When to go to Finland – seasons, weather, culture and all
Finland has four very distinguished seasons and they all have their own perks. Maybe that’s why we don’t have so distinguished travel seasons. People want to experience different sides of Finland and they plan their trips according to that.
Most traveling peaks happen during Finnish holidays, like Christmas and school holidays. Finns usually have one week off in the wintertime and that’s called the skiing holiday. In the summer adults usually have four weeks off and school kids a few weeks more.
However, high season doesn’t mean that everything is fully booked and the attractions are unavailable due overcrowding! Skiing holidays are held different weeks at different regions, so even though the ski centers are busy, they aren’t full. The summer vacations spread pretty well over the whole summer and Finns tend to spend them at the summer cottage anyways.
The biggest tourist season is around Christmas and new year, when especially the Russian tourists are traveling to Finnish ski resorts. The other Finnish seasons are not that crowded, but there is no reason why they should be! Let me tell you why.
Finter – Finnish Winter
Winter is probably the most know of the Finnish seasons. Located pretty north in Europe, Finland is guaranteed to have snow in the winter. The most southern cities might not have it so much, but get out of the city and you’re balls deep in snow in no-time.
Winter is considered to start somewhere around end of November and it goes on until early April. In the north winter is coming sooner and it lasts longer, so brace yourself well! Winter temperatures vary from 0 to -35 degrees Celsius (32 – -31 F). Wind and humidity will make the cold even colder, so wear many layers of clothes and use a good winter coat.
The usual winter activities revolve around snow, so ski resorts or Lapland are the place to be. Winter is also the best time to see Aurora Borealis, the great northern lights, and they appear especially in the Northern Finland. Ski resorts like Levi or Ruka offer a lot of different activities and the best way to stay there is a cozy winter cabin! And one more thing! Don’t forget to have a sauna and a cold plunge to a hole in the ice of a lake or sea!
Spring in Finland
After the cold and darkness of winter, the smallest hints of spring are welcomed with great enthusiasm. Finns tend to change their apparel to light jackets and summer shoes a bit too early, but who could blame us! But if you are traveling here in spring, don’t forget good shoes, mittens and a hat! Temperatures are pretty cold, even if the sun would be shining every now and then.
Spring is not that popular time to have holidays. Yes, the Easter is in spring, but after the short Easter holiday people tend to focus more on work. You might be better off if you stay in Helsinki area. You could still catch a good deal from Lapland, where could still be some snow to ski and huskies to take you to safari. The coastal areas are pretty nice in spring time, although most summer destinations and services are still closed. But don’t worry, rent a cottage near the sea for few days and have a relaxing time in Finnish spring nature!
Summer of Finland
Finland really wakes up during the summer times. People try to spend as much time outside as possible and this makes cities seem really vibrant. Even smaller villages and the whole countryside seems to have some live to them, because people visit their summer houses and travel to smaller places.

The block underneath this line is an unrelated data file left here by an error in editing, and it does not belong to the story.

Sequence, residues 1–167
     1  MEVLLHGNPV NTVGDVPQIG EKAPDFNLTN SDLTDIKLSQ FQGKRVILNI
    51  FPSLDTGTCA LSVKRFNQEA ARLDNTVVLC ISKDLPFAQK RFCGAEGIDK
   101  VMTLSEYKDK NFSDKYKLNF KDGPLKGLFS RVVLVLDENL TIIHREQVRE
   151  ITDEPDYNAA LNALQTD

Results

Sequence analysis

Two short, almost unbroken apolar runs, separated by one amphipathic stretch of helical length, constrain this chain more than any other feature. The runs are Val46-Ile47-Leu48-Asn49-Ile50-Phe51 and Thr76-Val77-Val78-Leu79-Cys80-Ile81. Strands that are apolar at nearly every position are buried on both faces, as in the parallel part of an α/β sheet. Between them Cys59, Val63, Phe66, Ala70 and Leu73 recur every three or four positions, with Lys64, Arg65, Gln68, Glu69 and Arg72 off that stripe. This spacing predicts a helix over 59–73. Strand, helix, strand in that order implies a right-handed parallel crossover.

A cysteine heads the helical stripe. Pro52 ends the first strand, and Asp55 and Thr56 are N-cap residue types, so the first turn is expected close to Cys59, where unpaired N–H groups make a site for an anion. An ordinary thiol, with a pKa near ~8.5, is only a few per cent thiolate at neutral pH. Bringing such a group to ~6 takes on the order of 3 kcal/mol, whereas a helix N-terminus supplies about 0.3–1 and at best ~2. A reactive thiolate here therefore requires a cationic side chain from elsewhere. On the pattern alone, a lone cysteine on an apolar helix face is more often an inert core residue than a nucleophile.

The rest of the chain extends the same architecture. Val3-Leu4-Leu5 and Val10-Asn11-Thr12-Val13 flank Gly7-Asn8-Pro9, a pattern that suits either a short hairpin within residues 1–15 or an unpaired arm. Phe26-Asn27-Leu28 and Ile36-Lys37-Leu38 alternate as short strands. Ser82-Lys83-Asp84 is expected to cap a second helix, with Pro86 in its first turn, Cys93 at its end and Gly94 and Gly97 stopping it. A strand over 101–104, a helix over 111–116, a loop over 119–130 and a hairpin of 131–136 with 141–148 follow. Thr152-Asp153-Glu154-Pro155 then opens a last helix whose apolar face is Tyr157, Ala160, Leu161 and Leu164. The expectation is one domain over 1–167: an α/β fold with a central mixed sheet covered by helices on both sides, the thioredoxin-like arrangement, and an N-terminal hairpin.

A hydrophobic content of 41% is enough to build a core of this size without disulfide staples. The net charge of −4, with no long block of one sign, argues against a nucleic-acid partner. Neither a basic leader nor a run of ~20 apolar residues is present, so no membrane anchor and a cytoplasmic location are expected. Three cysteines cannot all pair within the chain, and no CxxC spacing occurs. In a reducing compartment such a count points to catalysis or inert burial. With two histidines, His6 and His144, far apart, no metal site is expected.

Best time to travel is in July, since the weather tends to be pretty good then. If you are really lucky, you could catch a heat wave and experience some +30 degrees (Celsius) days. Normally the temperature is bit lower, somewhere around +20 degrees. There is a high probability of rain every now and then, so bring some rain gear.
Summer activities are endless. Our suggestion is to rent a cabin somewhere near a bigger summer city like Vaasa, Kuopio or Mikkeli, so it’s possible to enjoy the nature, but still be near the services and activities of a center. If you have a car, and you probably should, take a road trip to small villages and explore the countryside as much as you like. There is a fun culture of outdoor theater in Finland. Even the smallest towns have their own productions and tickets cost next to nothing. Seeing a summer play might be fun, even if you wouldn’t understand a word of it.
Autumn in Finland
Finnish autumn is relatively long. The summer pretty much ends in August and there are three long months before winter really starts. Autumn can be a good time to visit Finland, but to be completely honest, October and November are the darkest months of the whole year. The beginning of autumn is more enjoyable and the nature is really wonderful at that time! The colorful autumn foliage is really pretty, especially in Lapland, but all over Finland too.
Best autumn activities revolve around nature. Hiking is enjoyable, since it’s not too hot anymore. Popular trails, like Karhunkierros in Kuusamo, are filled with enthusiastic hikers and outdoor people. If you know your mushrooms and berries, you can hit a sweet jackpot, since they grow all over the place in here!
To fight the cold and dark, Finns light up their fireplaces and go to sauna a lot. Fall is also the time to bake apple pies and enjoy the sweet things in life. Our recommendation for an autumn trip is to rent a cabin in the middle of nowhere and spend the time reading a good book accompanied with many hardy meals.